Photo Essay: An Autumn Group Hike to Mt. Cammerer Fire Tower

First posted in November, 1999

Over the past couple of years, I've had the extreme pleasure of doing presentations and guided hikes for the Great Smoky Mountains Natural History Association. As part of that tradition, I led a group of seasoned hikers to the Mt. Cammerer fire tower this past October.

Taking breaks along the way

We began in Cosby Campground, and, after collecting all the folks that had showed up (unfortunately more in the neighborhood of 17 individuals, rather than the 25 or so I had expected), we left the Lower Mt. Cammerer trailhead. The group was comprised of experienced hikers, and we maintained a good pace. Rest stops were taken along the way at the Sutton Ridge Overlook, backcountry campsite 35, the Phillips cemetery, and finally at the junction with the infamous Appalachian Trail (see above photo).

Once on the AT, we made the short but very steep 2.3 mile climb to Mt. Cammerer. We rested again briefly at the trail junction before walking the fairly easy 0.6 mile side trail to the tower itself. Despite the fact that we had already walked over ten miles, the group was in excellent spirits and eager to see the view we had walked so far to achieve.

I can be seen admiring the view from the tower in this photo (taken by my friend Michal Strutin). The day had turned out to be perfect for hiking, and the skies were crisp and clear, providing an excellent view of the mountains surrounding the tower. Mt. Cammerer fire tower lies 4,928 feet above sea level, and is a prime location for enjoying the autumn color in Great Smoky Mountains National Park.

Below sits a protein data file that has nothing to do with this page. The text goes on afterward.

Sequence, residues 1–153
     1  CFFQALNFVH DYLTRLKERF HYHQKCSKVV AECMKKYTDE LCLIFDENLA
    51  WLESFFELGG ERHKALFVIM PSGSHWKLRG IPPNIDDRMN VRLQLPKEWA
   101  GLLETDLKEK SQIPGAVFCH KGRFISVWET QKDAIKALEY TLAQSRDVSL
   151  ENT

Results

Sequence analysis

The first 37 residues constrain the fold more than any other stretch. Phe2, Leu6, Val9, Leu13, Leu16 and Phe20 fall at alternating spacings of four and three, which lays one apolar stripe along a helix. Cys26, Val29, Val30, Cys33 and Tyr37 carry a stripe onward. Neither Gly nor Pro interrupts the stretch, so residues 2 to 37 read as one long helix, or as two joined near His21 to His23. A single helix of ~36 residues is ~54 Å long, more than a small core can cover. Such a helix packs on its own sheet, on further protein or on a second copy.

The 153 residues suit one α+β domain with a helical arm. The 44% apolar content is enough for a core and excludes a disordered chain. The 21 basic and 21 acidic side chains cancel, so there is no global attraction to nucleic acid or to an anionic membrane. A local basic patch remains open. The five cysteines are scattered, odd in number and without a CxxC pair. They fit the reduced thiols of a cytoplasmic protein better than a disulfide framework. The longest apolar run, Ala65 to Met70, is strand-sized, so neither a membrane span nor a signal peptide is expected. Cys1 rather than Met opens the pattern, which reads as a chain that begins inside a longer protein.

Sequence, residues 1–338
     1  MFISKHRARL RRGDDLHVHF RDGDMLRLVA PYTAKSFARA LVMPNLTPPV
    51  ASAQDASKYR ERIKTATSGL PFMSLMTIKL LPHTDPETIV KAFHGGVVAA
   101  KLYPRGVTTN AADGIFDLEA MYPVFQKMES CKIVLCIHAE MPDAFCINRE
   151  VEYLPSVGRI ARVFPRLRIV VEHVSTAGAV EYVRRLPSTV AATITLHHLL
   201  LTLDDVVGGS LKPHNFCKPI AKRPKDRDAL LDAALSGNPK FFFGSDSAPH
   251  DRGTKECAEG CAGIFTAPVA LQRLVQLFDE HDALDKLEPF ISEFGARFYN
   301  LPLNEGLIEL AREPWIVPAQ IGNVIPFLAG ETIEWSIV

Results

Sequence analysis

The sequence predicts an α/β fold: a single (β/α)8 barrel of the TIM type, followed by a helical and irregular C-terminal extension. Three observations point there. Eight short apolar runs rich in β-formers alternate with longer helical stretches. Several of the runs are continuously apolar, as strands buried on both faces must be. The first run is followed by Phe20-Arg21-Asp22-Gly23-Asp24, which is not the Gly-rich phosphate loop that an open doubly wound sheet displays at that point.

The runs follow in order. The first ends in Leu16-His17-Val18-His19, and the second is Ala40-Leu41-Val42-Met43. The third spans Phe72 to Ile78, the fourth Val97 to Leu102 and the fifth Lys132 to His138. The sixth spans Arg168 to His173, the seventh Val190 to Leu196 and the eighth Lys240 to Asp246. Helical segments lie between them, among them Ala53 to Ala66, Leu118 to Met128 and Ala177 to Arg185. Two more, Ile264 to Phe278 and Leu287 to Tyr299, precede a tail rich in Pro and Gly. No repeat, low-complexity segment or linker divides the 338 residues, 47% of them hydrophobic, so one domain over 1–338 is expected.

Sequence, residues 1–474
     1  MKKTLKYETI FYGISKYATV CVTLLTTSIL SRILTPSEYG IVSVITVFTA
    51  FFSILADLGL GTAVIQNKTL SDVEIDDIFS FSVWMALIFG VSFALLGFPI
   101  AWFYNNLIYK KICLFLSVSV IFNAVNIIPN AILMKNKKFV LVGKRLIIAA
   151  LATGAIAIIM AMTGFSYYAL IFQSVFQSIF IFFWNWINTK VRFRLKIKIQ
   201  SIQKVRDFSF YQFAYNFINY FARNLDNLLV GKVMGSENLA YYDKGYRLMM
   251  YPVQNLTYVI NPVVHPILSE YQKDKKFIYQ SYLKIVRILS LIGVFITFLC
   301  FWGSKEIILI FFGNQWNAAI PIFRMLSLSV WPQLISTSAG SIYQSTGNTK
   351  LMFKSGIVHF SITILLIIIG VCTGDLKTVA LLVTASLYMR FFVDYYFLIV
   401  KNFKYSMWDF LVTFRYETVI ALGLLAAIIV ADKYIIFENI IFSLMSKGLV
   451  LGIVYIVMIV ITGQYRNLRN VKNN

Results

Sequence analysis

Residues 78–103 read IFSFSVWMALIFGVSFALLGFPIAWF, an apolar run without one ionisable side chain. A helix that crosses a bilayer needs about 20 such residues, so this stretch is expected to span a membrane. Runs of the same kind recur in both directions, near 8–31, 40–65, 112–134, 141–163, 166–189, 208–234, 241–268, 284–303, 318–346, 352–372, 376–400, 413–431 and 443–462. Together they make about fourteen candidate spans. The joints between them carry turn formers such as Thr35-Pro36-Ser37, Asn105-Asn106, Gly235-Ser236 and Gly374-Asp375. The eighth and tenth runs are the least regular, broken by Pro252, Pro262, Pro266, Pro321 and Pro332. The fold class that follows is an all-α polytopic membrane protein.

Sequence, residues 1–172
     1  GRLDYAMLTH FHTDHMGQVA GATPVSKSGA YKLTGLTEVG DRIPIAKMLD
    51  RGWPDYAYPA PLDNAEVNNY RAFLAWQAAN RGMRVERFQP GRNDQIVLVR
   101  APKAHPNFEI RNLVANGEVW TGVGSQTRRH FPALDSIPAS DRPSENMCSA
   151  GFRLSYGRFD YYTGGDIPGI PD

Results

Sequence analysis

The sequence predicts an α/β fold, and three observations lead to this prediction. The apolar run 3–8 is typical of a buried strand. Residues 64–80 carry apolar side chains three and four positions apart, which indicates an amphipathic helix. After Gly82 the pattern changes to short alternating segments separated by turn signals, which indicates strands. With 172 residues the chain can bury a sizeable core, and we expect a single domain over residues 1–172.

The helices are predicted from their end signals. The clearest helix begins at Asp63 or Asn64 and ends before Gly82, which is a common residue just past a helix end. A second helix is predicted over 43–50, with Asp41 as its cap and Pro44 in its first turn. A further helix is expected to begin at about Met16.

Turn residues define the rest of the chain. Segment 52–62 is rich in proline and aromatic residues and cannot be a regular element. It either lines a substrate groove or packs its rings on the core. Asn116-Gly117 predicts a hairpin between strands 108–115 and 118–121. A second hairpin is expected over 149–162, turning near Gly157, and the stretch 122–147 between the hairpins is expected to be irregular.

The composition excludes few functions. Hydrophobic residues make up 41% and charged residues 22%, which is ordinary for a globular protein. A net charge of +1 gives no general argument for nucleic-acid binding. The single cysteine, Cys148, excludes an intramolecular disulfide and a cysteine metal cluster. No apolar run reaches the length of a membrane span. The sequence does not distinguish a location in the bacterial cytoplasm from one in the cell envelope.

As it turned out, our group was not the only one on Mt. Cammerer that day. A number of folks had made the climb, including a group of college students who were taking advantage of the unseasonably warm weather by sunning themselves on the rocks below the tower. Our group ate lunch and spent time chatting and taking photographs. After nearly three-quarters of an hour, the group packed up and began their descent back to Cosby Campground.

Packing up to go home

We had reached the tower via a long, slow climb up the Lower Mt. Cammerer Trail, but made our descent back to the campground via the Low Gap Trail, which was a steeper, but considerably shorter route back. We found ourselves back in the campground after only five miles. Our overall leisurely pace placed us back at our cars just before dusk.

I want to thank those that signed up for the hike... I had a great time, and our trek will be one of the lasting memories I have of the Smokies as I make my move to Alaska. I hope to return and lead another hike for NHA in the future, and I hope to see some of you then! Here's one last look from the tower...

One last look from the tower